Storytelling and artists are ultimately the keepers of history. I hope that we value the vitality we receive from the arts and that it’s reinvigorating—that we feel how important it is again.

Two episodes into the first season of HBO’s The Leftovers, the beleaguered suburban police chief Kevin Garvey faced an existential crisis because of a bagel. He placed its two halves onto the conveyor belt of the office toaster, but no bagel materialized on the other side. Where the hell had it gone? Kevin, the viewer could guess, was considering two possible explanations. One was that he had lost his mind, and would soon join his delusional father in a mental hospital. The other was that the bagel had supernaturally vanished—in the same way that 140 million people, two percent of the Earth’s population, had inexplicably disappeared on October 14, 2011. This bagel saga did find a rational resolution: eventually, he took a power drill and opened up the toaster to find two crispy circles stuck in the back of the machine. Nevertheless, he unraveled, and the scene was typical of The Leftovers’ three-season run. Critics, it turned out, were hungry for things like this. They came to love the show. Yet, the audience remained small. Like the Tom Perrotta novel it was based on, the little-watched but deeply beloved HBO series didn’t concern itself with explanations most of the time. What mattered was that something devastating and inexplicable had occurred in the recent past, and that life has been strange, dangerous and charged with possibility ever since.

The Leftovers has found new relevance in our quarantined world, as we grieve for lives lost and the loss of any sense of normal. The series was very prescient about the coronavirus, right down to depicting two percent of Earth’s population disappearing. The show can also be comforting because it is ultimately hopeful. It remains one of the most sadly overlooked shows ever produced, and Carrie Coon carried a huge part of it on her shoulders as Nora Durst. A lot of people would watch anything Coon is in simply because she’s in it, and not surprisingly, she delivers another awards-worthy, career-best performance in Sean Durkin’s domestic psychodrama The Nest, which world premiered at this year’s Sundance Film Festival. It’s been nine long years since Durkin burst onto the scene with Martha Marcy May Marlene, and his latest is an equally chilly affair set in a spooky old mansion and centered around a family with serious communication issues.

Set in the mid-‘80s, Jude Law is smarmy as Rory, a former commodities broker driven by an ambition to do and make more, who uproots his family from their woodsy, modernist bungalow outside of New York City to his native England in order to capitalize on some new business opportunities he simply can’t afford to turn down. His horse trainer wife, Allison (Coon), is less than thrilled about the move, not least because she’s heard it all before and is rapidly losing patience with Rory’s constant get-rich-quick schemes. But they make the move regardless along with their children, son Ben (Charlie Shotwell) and Allison’s daughter Sam (Oona Roche) from a previous relationship. On arrival, it transpires that Rory has put down rent on an old country manor in Surrey, replete with secret passageways and creaking stairs, which is clearly out of their price range. As Rory desperately tries to make the move a success, fissures begin to appear within the clan. Allison becomes disillusioned with the man she married, exacerbated by Rory’s increasingly desperate, delusional efforts to make it all work. A battle of wills develops between husband and wife, with Rory’s sales pitch of a better life going down like a lead balloon once reality starts to bite. Again, Coon steals the show here. With electrifying dexterity, she gathers the film around herself, in a turn that crackles off Law’s reckless Rory, to create its own weather system.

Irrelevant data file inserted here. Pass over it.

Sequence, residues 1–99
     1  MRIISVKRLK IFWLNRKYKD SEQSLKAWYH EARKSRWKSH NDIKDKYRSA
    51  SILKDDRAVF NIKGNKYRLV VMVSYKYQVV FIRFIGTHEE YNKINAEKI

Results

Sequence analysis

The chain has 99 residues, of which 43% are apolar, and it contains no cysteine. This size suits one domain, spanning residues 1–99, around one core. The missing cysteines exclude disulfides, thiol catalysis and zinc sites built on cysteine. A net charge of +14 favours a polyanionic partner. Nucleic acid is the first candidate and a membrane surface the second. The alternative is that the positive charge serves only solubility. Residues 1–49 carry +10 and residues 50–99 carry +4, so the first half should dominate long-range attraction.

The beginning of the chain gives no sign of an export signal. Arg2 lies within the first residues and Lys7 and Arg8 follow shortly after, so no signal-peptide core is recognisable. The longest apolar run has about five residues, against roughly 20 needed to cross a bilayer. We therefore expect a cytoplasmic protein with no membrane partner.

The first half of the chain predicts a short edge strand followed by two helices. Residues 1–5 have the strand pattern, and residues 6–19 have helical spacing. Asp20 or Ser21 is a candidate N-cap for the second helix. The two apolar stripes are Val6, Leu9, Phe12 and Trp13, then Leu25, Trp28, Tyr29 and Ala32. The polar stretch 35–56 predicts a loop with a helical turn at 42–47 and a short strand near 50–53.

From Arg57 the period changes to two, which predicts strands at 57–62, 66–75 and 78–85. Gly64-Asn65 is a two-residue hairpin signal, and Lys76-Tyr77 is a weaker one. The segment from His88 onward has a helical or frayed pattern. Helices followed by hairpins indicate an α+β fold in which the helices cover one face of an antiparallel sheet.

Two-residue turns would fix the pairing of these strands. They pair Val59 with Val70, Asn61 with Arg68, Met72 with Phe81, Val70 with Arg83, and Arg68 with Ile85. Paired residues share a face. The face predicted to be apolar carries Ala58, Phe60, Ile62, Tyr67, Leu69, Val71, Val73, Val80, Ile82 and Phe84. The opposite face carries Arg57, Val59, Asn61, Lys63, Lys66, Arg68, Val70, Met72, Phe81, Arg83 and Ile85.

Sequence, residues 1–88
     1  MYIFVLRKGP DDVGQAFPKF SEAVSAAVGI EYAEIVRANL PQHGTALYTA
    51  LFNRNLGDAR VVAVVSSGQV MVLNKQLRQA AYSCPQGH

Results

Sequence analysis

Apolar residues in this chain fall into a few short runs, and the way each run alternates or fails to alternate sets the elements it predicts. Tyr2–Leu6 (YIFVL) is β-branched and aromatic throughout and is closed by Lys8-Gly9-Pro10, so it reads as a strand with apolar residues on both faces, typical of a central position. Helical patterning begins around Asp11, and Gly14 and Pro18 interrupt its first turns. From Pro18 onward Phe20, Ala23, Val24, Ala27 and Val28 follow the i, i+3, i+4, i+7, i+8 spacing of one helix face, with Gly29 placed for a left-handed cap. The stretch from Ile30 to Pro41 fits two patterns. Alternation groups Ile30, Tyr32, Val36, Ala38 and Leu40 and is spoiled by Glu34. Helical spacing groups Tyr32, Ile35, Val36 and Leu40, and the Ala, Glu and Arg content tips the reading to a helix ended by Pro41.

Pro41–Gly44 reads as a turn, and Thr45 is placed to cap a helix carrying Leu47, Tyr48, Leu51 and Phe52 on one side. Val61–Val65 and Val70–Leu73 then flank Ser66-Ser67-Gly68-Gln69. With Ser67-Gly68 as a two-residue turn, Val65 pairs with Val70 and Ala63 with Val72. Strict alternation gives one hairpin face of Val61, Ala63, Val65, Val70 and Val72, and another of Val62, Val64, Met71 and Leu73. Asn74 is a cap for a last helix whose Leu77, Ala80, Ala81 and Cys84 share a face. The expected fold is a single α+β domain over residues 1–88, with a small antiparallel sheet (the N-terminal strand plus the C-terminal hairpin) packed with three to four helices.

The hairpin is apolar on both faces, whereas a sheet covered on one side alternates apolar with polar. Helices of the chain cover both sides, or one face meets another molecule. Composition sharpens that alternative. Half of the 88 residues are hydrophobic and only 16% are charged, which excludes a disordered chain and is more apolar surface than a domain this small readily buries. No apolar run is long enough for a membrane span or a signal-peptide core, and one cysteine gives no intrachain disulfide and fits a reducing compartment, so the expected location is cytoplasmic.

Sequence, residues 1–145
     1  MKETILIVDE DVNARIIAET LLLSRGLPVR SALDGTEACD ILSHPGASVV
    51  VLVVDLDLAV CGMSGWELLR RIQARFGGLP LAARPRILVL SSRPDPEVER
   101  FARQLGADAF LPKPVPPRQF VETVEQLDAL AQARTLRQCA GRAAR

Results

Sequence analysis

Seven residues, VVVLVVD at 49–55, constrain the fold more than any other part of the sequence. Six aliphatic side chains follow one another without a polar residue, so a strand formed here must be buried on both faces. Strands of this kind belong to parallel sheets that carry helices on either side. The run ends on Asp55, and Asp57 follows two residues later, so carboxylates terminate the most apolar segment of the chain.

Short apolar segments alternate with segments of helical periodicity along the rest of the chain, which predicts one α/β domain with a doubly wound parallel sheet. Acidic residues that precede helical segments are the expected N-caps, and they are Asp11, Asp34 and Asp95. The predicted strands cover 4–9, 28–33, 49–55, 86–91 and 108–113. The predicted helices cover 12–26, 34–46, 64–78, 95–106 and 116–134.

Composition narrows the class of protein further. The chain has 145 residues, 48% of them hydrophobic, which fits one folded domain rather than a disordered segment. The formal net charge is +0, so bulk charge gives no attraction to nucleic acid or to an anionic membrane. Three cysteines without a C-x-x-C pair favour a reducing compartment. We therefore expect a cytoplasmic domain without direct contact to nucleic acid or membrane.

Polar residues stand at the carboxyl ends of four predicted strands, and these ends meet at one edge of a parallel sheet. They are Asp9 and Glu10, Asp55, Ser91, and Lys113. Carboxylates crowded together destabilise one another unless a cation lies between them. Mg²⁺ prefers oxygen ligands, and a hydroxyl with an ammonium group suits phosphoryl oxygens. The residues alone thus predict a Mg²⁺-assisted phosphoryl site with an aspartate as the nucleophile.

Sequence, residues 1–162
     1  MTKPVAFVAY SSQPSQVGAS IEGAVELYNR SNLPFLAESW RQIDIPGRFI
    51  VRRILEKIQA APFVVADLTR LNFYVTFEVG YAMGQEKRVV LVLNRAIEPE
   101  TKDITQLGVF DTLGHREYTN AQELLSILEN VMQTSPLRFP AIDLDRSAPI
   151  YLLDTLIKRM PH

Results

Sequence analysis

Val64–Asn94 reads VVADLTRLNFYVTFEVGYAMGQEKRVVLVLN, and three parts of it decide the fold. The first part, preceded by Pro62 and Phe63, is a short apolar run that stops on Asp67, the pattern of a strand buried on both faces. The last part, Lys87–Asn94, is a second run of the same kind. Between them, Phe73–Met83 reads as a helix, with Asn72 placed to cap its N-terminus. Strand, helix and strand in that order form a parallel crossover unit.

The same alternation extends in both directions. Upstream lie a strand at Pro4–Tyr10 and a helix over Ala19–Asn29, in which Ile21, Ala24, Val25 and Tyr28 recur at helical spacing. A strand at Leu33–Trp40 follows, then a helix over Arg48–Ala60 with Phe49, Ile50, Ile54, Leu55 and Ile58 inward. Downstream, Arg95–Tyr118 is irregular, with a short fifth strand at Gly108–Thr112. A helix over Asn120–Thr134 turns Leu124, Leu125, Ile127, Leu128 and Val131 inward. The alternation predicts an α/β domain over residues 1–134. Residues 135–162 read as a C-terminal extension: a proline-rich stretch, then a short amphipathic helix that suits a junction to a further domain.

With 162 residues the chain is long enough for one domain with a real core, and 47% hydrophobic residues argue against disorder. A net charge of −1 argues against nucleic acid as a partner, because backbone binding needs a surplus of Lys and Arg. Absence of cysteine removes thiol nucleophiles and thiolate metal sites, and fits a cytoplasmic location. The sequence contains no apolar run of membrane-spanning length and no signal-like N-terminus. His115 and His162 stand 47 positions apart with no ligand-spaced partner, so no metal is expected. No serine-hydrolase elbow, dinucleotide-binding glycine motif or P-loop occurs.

Next up for Coon is the HBO’s series The Gilded Age, which is now heading into production after delays. The actress is tapped to play Bertha Russell, who’s described as “an ordinary middle-class woman” in a fictional story revolving around the millionaire titans of New York City in the 1880s.

The Nest opens in select theaters today, and goes On Demand on November 17.

You’re about to head into production on The Gilded Age. How have you been feeling about returning to set with all the unpleasantness that’s been going on?

I feel that we’re in very good hands. There’s nothing but transparency and goodwill and solid, science-based information. The unknown is of course such that we can put all of these protocols in place, but we won’t know where the holes are until we’re actually on set and doing the work. I’m very confident that our producers are on top of it. I’m feeling as safe as I can feel being part of the first production back in New York.

Wow—the first.